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Humans have "subdued 75 percent of the land surface, concocted a wizardry of industrial and medical marvels, strung lights all across the darkness." We now collect the DNA of vanishing species in a "frozen ark," equip orangutans with iPads, create wearable technologies and synthetic species that might one day outsmart us. Ackerman takes us on an exciting journey to understand this bewildering new reality, introducing us to many of the people and ideas now creating - perhaps saving - our future. The Human Age is a beguiling, optimistic engagement with the earth-shaking changes now affecting every part of our lives and those of our fellow creatures - a wise book that will astound, delight, and inform intelligent life for a long time to come.
Customer ReviewsMost Helpful
By Michael on 02-22-15
Pleasant Light Ramble, with an Unsettling Point
The title is a bit of an excuse to blend together many essays regarding, very generally, human control over nature. The writing is a personal and introspective ramble through various subjects interesting to the author and very roughly connected to the title. I resonated quite well with the author’s ambivalent and ambiguous viewpoints. She is not very sure what her position is on many of the subjects covered, which I found intellectually honest and refreshing. The writing is more like introspective narrative fiction then straight science writing.
The basic premise of the book is, ready or not, for good or for bad, whether we like it or not, humans now have enormous power over nature on our planet. It is now incumbent upon us to accept this fact and make decisions accordingly. We no longer have the luxury of letting nature take its course; we have become too influential on that course. The book strays from this premise for most of the book, using this central idea only as a touch-point binding the diverse essays. The essays cover our power over animals, the climate, and the landscape, our use of plants, apps for apes, gene storage, interspecies and inter-kingdom internet, using 3-D printers to print products and body parts, and our use of robots and artificial intelligence.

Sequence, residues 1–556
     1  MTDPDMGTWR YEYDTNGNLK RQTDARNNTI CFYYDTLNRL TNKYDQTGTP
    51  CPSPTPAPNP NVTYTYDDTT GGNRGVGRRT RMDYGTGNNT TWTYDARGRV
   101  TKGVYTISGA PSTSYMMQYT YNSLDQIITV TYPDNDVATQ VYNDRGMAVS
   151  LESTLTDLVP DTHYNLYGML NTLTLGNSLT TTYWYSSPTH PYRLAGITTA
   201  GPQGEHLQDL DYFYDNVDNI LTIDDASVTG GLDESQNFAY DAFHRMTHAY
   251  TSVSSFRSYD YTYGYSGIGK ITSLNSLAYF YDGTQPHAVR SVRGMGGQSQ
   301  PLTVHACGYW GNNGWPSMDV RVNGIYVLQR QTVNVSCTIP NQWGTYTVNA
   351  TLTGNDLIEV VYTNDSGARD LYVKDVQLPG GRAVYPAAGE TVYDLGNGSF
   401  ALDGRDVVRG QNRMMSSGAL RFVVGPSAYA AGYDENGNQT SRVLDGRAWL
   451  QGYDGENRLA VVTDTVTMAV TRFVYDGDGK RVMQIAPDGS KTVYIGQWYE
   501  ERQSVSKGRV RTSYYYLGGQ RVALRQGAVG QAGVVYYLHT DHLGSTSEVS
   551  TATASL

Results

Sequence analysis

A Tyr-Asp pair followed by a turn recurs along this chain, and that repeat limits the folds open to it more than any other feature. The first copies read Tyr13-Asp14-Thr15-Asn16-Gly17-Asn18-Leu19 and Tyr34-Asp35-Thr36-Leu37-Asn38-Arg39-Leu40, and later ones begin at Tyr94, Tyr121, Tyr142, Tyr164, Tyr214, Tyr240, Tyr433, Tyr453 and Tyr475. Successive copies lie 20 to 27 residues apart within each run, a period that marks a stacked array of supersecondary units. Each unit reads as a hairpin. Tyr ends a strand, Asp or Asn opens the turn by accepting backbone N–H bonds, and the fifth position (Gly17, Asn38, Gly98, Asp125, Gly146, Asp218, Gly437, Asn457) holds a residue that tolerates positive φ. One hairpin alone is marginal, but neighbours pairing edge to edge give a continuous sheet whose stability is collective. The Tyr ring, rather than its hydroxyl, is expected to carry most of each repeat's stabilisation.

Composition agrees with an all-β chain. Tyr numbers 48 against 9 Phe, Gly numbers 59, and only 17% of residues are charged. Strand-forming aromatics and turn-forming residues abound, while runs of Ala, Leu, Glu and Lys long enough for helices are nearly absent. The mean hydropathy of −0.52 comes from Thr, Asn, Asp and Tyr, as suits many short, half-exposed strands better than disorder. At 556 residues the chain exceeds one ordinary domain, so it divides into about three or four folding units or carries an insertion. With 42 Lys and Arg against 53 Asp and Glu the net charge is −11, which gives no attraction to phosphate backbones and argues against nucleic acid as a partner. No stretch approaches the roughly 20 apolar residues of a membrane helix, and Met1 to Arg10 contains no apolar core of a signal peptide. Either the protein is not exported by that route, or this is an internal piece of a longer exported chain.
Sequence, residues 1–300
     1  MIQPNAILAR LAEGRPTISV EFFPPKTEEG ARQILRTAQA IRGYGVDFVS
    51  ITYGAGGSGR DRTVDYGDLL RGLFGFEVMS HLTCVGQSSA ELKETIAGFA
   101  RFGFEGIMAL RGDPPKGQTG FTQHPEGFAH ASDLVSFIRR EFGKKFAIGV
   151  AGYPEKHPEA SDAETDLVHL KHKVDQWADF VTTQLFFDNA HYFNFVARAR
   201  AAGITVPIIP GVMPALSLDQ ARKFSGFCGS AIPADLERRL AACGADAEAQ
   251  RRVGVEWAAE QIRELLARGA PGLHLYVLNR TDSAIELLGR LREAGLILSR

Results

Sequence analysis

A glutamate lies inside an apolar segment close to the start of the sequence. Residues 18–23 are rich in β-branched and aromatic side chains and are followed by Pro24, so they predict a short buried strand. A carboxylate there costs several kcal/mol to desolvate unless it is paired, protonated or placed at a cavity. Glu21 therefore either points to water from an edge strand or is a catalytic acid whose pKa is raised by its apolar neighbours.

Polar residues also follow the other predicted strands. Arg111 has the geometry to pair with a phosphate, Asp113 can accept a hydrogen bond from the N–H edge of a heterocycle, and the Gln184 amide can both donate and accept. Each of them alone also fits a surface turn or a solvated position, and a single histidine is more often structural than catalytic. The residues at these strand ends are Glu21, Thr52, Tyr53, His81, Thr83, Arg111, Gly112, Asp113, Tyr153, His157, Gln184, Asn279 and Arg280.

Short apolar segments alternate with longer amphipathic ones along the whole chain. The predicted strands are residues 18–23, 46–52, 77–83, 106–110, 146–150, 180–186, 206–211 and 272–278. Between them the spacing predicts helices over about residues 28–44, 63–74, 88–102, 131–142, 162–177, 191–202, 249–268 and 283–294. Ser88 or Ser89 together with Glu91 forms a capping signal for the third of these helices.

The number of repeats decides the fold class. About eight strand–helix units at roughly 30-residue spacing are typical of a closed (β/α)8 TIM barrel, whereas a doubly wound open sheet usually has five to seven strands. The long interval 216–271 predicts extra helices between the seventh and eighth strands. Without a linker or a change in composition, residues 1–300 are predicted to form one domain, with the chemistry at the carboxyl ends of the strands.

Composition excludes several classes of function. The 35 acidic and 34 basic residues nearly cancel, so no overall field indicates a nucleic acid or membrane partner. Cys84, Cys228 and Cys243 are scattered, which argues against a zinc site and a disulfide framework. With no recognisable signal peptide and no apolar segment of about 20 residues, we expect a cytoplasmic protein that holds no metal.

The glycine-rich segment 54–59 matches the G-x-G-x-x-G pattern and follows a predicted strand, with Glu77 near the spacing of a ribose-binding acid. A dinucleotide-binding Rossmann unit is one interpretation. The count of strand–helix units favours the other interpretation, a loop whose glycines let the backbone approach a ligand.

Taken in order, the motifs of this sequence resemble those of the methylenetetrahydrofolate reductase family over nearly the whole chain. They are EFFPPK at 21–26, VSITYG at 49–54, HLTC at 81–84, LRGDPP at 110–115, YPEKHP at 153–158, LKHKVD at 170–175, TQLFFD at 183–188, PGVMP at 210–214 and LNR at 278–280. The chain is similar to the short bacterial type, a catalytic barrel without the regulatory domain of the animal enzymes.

The science presented is at a light survey level, with few details and no equations.
The narration is good, following the author’s personal and introspective intensions. I don’t think I learned much from this book, but it was a very easy listen, I enjoyed it, and it stimulated reflections on the unsettling idea that humans have now become accountable for all of nature on our planet. Definitely worth the listen.
10 of 10 people found this review helpful
By wbiro on 10-10-14
Good Broad Introduction to 'Anthropocene Age'
Any additional comments?
This book begins heavy on the poetic devices, and the narrator initially has a lisp, but when the topics become somewhat heavy, the writing become straightforward and the narrator speaks clearly.
I liked it because it was an interesting concept - that of an Anthropocene Age. The book is pretty much unbiased, which is a good thing. Present and future solutions to current problems are identified and proposed, usually through more advanced technologies and advanced thinking.
4 of 4 people found this review helpful
Customer ReviewsMost Helpful
By Lianne O. on 12-06-15
Fascinating, compelling, thought provoking,
If you have any interest in science, ecology, wildlife,anthropology, tjis book will not disappoint. Diane Ackerman is also an absolute wordsmith, succinct, intelligent, and well researched. I loved this audiobook!